Since its the World Water Day, let’s talk about the life-saving substance. Its the compound that makes up over two-thirds of the Earth, and constitutes 60% of the human body.
Given its importance in our everyday lives, we can’t get enough of it. Without it, its impossible to sustain life on Earth.
Trouble is, our reserves of freshwater grow ever so low, especially in the face of an ever-growing population.
All this being said, can we produce more water? And if so, where’s the best place to make water? On the moon apparently.
Puzzled? So were we at first. Read on about how this can be possible.
It Came from the Moon
The theme behind World Water Day 2019 is ‘leave no one behind’. It sounds like a trip and we’ll be going a lot further than expected to ensure that our water supplies don’t run out. If NASA is to be believed, we may go all the way to the moon.
NASA broke the news that our Moon may be a natural ‘water-making’ factory. Based on NASA’s explanation, this is all possible due to a phenomenon called solar wind.
Solar wind is a stream of charged particles (protons and electrons mostly) flowing out from the Sun (this may sound confusing but it’ll make sense in a bit).
NASA believes that the solar wind that strikes the Earth and Moon might hold the secret to making water.
According to NASA, solar winds ‘enrich the lunar surface ingredients that could make water’.
NASA’s scientists simulated the situation that takes place when solar winds bombard the Moon’s surface.
They discovered that the charged protons in the solar wind end up producing Hydrogen atoms on the Moon’s surface. Since Hydrogen is highly reactive (like Mentos in a Coke bottle), the atoms extract oxygen from silica (the packets you see in shoe boxes) on the Moon’s surface. Combine those hydrogen and oxygen atoms, and we all know that H2O makes water.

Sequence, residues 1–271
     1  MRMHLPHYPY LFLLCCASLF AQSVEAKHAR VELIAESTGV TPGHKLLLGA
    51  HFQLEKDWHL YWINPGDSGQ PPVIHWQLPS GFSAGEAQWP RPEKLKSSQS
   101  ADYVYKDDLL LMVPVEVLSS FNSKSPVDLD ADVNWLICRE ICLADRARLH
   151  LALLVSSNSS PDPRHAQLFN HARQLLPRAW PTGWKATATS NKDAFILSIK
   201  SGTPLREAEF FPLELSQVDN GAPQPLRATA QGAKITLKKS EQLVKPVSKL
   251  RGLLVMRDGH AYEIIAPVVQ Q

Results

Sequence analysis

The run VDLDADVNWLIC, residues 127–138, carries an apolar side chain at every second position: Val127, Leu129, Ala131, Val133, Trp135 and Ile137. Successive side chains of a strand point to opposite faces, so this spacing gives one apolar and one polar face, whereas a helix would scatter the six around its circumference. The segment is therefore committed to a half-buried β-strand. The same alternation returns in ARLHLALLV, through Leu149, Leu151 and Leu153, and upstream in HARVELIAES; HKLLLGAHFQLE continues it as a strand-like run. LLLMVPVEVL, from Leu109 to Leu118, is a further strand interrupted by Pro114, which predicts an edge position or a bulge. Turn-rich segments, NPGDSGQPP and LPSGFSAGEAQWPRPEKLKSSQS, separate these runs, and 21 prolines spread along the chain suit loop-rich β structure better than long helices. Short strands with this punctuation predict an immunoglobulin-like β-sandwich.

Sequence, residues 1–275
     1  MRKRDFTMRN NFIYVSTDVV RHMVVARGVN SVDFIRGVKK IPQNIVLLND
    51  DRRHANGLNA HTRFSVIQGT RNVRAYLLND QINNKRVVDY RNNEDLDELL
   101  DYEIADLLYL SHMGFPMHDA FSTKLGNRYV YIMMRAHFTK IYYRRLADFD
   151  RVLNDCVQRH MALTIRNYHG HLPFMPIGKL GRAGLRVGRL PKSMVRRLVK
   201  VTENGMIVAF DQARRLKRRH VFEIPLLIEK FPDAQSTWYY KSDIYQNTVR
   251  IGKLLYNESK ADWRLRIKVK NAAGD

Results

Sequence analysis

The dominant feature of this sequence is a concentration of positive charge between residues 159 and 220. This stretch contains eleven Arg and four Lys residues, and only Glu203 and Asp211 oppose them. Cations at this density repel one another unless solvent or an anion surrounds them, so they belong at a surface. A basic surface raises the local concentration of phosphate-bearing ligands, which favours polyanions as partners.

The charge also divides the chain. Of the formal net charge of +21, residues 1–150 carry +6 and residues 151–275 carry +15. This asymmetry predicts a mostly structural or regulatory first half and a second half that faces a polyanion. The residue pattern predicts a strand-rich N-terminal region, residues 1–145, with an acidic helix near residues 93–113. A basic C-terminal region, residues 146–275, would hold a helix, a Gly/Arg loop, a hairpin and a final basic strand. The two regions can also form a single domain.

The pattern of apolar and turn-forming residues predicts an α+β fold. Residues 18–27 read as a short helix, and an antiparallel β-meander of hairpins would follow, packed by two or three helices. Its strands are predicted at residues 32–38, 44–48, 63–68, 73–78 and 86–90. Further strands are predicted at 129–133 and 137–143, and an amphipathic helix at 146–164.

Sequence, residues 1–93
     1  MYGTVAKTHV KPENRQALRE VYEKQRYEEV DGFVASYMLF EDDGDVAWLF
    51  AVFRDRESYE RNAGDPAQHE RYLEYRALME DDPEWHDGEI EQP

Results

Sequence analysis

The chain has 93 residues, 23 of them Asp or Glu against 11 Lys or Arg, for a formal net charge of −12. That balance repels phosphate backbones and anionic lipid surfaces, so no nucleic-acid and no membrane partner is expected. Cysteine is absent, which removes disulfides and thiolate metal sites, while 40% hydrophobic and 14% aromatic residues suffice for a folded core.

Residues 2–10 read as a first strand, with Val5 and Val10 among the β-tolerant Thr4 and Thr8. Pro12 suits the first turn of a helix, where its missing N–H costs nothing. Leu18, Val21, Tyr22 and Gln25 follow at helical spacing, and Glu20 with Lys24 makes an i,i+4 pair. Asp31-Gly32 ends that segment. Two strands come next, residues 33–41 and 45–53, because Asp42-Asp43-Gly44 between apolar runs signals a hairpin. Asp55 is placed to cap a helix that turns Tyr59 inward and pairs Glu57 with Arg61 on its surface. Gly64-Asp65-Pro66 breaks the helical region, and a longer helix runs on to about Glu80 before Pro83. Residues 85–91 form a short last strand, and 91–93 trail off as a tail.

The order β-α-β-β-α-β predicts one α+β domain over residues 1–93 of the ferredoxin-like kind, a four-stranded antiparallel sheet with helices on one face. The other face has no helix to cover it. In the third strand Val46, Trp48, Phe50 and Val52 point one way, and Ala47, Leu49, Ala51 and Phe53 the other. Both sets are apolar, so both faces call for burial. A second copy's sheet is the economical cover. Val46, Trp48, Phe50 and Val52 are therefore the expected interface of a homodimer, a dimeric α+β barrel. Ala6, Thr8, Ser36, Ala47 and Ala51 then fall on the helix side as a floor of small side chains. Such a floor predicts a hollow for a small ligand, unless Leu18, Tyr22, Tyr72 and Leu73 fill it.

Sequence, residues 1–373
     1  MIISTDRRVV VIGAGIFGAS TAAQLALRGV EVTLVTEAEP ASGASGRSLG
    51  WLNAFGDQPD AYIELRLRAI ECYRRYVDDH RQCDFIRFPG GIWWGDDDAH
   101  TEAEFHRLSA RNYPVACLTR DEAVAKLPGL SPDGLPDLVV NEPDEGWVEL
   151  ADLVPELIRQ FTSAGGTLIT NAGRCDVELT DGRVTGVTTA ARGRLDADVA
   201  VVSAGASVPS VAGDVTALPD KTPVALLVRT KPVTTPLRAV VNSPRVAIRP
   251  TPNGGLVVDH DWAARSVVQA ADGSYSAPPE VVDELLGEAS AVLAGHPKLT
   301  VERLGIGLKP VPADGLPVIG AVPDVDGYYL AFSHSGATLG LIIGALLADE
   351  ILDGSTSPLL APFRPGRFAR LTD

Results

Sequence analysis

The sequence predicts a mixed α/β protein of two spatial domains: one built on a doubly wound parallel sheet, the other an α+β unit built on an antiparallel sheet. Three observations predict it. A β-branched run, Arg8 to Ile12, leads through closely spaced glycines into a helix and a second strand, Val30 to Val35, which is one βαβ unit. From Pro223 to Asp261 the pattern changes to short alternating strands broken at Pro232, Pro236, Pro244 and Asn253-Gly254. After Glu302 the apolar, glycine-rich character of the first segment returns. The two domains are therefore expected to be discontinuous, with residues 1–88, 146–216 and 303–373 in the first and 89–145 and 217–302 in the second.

“As the Sun streams protons to the Moon, they found, those particles interact with electrons in the lunar surface, making hydrogen (H) atoms. These atoms then migrate through the surface and latch onto the abundant oxygen (O) atoms bound in the silica (SiO2) and other oxygen-bearing molecules that make up the lunar soil, or regolith. Together, hydrogen and oxygen make the molecule hydroxyl (OH), a component of water, or H2O.”
Suddenly, water on the moon does not sound like something out of a sci-fi movie.
A Basic Human Right
Access to consumable water was declared a basic human right by the United Nations in 2010. Billions of people still live without safe drinking water as we continue to deplete our freshwater resources through consumption and pollution.
With NASA’s discovery, we now have an out-of-the-box approach to solving the water crisis. We just hope NASA hasn’t oversold us on this program (looking at you here MarsOne).